Users of both Facebook Inc (NASDAQ:FB) and Twitter Inc (NYSE:TWTR) have noticed a difference in the amount of raw, unfiltered talk of the shooting incident in Ferguson, MO between the social media platforms. The reason: one platform engages in unbridled censorship.
According to a report in the Washington Post, the Twitter feed is not filtered by algorithms. When people you follow communicate a message, it is delivered into your Twitter stream in real time regardless of content, as one might expect. Not so for Facebook.
Facebook prefers for you not to see viral news
Facebook Inc (NASDAQ:FB) uses algorithms to determine what posts from your friends you see in the news feed. Evidently, Facebook prefers that you not see any critical news or events that might go viral, instead focusing on positive news, cat videos and posts regarding the user’s lunch plans.
“While I’ve been seeing the same political trending tags, my feed is mundane as usual: a couple is expecting a baby. A recreational softball team won a league championship. A few broader feel-good posts about actor Chris Pratt’s ice bucket challenge to raise awareness and money for ALS, another friend’s ice-bucket challenge, another friend’s ice-bucket challenge… in fact, way more about ice bucket challenges than Ferguson or any other news-making event,” observed Casey Johnston, a columnist for Ars Technica. “In my news feed organized by top stories over the last day, I get one post about Ferguson. If I set it to organize by ‘most recent,’ there are five posts in the last five hours.”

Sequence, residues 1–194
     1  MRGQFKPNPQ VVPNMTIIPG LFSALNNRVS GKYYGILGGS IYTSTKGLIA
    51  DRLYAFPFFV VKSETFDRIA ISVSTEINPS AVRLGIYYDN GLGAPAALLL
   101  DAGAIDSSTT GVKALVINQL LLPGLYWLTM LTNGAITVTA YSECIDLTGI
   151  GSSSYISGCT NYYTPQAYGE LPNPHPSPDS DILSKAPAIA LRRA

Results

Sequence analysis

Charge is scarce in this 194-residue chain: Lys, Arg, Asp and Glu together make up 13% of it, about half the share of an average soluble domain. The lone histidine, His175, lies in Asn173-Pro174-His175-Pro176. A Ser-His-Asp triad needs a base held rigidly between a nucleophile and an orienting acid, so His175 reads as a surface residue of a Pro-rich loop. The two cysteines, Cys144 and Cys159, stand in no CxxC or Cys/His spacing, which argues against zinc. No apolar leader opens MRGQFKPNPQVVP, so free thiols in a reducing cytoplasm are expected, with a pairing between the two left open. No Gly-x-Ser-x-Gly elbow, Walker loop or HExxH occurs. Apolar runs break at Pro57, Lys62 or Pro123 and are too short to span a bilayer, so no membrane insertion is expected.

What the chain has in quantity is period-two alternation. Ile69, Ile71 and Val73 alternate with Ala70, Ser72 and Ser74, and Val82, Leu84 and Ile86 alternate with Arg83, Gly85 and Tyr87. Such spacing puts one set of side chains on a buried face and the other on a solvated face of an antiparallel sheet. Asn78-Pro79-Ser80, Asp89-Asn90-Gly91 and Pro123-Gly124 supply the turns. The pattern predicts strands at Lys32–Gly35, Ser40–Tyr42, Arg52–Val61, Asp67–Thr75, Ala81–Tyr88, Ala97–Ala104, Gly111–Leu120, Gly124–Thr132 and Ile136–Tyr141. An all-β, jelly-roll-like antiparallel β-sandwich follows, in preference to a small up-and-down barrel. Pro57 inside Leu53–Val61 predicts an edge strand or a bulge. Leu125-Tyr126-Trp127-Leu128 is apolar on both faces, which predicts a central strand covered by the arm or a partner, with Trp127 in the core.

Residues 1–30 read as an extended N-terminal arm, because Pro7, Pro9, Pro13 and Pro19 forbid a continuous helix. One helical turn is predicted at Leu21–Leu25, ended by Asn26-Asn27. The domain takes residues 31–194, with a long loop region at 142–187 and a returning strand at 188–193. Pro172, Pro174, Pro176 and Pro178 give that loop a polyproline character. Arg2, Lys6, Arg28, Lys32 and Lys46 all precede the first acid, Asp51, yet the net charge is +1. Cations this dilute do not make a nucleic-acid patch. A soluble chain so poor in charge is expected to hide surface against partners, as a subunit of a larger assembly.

Johnston notes that the heated debate that is a vibrant democratic society may not be Facebook’s core strength, instead, like the novel 1984, they focus on the positive.
“Content that causes dissension and tension can provide short-term rewards to Facebook in the form of heated debates, but content that creates accord and harmony is what keeps people coming back,” Johnston wrote.
How political discussions divide Facebook friendships?
Johnston backed up the thesis by citing a Georgia Institute of Technology study that notes how political discussions divide Facebook friendships. The study based its thesis on the notion that, because Facebook friend networks are often composed of ‘weak ties’ where the threshold for friending someone is low, users expressing divergent political opinions were viewed as alienating and led to being less popular on the social network. Overall, such an impact “made everyone less likely to speak up on political matters (and therefore, create content for Facebook).”
However, the study’s author noted that “designing social media toward nudging users to strengthen relationships with weak ties with different viewpoints could have beneficial consequences for the platform, users and society,” said Catherine Grevet, a researcher who worked on the project.
Twitter, for its part, has viewed its service more as a news feed and has embraced a diversity of opinion and thought.